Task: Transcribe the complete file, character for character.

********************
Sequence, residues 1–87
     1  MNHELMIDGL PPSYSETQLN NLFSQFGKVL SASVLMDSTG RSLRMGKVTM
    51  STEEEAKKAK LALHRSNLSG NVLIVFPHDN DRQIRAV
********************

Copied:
Sequence, residues 1–87
     1  MNHELMIDGL PPSYSETQLN NLFSQFGKVL SASVLMDSTG RSLRMGKVTM
    51  STEEEAKKAK LALHRSNLSG NVLIVFPHDN DRQIRAV